A third option to reach Rabat is by car. You can buy a seat in a shared grand taxi or you can hire a driver to take you privately. If you would like to navigate the taxi system, take a read of this post on getting around Morocco.
Private drivers can be arranged through your accommodation. The usually have direct contact with drivers or taxis that can be hired to take you to your destination. This is often the fastest way to travel however it is also the most expensive.
Getting Around Rabat
The Rabat tram (Rabat-Sale tramway) makes getting around the city very easy now. The system is not only well maintained, used by a lot of people, but also clean and will get you to almost all the major attractions. There are ticket kiosks at most stops with attendants who speak some level of English and can help. Tickets are reloadable and are 6dh.
There are only two lines; Line 1 and Line 2 making it easy to navigate. Service runs every 20 minutes.
If you're staying in nearby Sale, on the other side of the Bou Regreg river or just want to visit you can also take a dhow boat. Before the bridges this was the way to get across. The ride is fairly quick and costs 2.5dh each way. Even if it's more of an adventure than a transportation option you can pretend you're a pirate for a little while!
Rabat and Sale are two different cities, however, over time they have almost become one. Sale lies on the right bank of the Bou Regreg river while Rabat is on the left. Sale was an independent republic and home to the famous Sale Rovers (pirates) until the 17th century when it became part of Morocco. This side of the river is often overlooked and while they may be two different cities, they are historically and now geographically linked.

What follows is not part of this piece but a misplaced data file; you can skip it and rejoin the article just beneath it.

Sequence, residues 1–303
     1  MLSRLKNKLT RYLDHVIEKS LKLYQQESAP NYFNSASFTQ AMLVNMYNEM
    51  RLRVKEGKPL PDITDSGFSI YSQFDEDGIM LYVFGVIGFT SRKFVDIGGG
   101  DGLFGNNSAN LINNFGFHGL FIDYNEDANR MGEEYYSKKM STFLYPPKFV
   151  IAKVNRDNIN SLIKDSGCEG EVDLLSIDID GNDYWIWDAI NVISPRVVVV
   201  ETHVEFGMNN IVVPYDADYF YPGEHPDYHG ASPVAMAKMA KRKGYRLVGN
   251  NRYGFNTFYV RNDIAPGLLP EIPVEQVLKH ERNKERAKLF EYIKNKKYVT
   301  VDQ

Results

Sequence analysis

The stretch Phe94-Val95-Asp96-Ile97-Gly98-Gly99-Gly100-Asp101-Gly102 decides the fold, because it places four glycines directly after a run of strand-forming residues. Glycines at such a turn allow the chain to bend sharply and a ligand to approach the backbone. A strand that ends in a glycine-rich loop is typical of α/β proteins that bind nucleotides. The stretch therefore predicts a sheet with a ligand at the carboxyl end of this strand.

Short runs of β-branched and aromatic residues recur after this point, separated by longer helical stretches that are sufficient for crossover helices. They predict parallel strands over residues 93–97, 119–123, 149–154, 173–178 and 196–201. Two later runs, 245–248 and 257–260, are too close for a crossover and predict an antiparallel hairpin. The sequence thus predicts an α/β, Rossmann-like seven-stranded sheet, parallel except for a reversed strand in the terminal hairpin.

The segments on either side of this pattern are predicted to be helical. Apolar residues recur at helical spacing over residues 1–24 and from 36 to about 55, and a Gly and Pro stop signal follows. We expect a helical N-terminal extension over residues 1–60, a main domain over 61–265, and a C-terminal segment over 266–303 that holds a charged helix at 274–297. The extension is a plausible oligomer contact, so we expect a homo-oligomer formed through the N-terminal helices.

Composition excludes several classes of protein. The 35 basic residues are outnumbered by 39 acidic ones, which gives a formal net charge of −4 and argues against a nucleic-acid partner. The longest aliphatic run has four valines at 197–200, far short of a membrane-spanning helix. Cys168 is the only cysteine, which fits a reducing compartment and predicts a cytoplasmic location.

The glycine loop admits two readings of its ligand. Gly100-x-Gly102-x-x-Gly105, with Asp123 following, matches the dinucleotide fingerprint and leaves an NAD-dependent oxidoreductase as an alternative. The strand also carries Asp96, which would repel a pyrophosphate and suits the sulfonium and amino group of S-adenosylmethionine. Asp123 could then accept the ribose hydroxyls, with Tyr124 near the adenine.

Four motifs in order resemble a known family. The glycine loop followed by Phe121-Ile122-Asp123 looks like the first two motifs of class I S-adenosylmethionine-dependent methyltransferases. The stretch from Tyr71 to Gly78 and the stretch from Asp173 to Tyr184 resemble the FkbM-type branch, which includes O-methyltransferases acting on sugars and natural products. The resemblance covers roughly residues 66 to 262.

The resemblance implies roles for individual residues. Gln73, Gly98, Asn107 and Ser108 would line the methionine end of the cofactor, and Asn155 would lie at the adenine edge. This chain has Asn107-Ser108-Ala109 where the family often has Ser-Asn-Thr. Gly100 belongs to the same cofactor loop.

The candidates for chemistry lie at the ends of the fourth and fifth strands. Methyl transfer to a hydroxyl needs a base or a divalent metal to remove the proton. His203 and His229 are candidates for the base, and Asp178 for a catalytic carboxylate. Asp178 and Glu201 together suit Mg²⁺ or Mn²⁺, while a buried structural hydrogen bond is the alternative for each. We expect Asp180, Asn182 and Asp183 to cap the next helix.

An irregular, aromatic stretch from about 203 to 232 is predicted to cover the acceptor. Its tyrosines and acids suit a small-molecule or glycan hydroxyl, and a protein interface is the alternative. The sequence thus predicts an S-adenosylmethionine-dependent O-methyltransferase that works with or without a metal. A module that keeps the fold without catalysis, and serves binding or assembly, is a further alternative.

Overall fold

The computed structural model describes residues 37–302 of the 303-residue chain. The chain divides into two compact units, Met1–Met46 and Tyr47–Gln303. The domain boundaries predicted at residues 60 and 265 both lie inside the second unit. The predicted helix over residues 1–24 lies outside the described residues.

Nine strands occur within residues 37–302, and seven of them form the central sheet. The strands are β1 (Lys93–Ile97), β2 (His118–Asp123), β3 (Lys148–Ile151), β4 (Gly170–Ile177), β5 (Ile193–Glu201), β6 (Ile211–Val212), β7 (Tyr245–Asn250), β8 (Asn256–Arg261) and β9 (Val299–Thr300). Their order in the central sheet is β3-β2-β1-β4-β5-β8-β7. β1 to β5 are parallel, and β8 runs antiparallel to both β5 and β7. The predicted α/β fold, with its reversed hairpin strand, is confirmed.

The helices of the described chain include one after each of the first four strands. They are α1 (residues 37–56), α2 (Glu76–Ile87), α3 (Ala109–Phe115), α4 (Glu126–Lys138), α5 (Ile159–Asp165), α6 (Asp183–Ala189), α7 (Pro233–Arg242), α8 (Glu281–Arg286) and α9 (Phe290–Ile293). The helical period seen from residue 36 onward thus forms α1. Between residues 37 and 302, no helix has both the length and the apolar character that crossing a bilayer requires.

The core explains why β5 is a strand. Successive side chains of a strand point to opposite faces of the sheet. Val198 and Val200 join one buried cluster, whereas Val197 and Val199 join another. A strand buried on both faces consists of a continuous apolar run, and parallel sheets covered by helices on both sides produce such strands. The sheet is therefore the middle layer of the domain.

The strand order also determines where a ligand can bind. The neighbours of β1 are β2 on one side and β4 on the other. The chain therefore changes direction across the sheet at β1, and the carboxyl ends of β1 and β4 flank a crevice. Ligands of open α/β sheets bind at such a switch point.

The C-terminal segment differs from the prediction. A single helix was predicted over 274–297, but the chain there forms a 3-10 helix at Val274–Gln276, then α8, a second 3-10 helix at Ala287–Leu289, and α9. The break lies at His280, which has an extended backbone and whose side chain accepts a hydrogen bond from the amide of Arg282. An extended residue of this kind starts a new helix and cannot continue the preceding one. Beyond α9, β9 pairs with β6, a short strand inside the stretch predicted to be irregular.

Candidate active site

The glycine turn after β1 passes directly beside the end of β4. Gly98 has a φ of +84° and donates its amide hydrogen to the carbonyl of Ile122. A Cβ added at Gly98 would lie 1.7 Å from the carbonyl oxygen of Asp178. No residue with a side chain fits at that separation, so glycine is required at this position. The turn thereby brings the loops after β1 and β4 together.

Need more help planning your visit to Rabat? Here are all my posts to make your trip great.
Food is always an important thing so when you're hungry or just planning where to fill up when you're in Rabat, this list will help you sort things out!
When you plan to visit, know there are many options for where to stay. As Rabat is the capital of the country many hotels appeal to business travelers - and this will be reflected in their rates. Smaller hotels and riads are also available and may prove to be a more affordable and authentic way to experience the city.
More Posts about Rabat
There you have it! I hope that this information helps you plan your visit to include Rabat when you're in Morocco!
Want to know more about Morocco's Pirate Past? Here are a few books that tell the story of this period.
[easyazon_infoblock align="right" identifier="B0077CTLFY" locale="US" nw="n" nf="y" tag="maro0a-20"]
[easyazon_infoblock align="left" identifier="0143131834" locale="US" nw="n" nf="y" tag="maro0a-20"]
Be a part of the MarocMama family!
Do you want access to all things MarocMama? Join our community of readers to get updates on new posts, inside information that won't go on the blog and so much more!
Sound good? Pop your email below and you're in!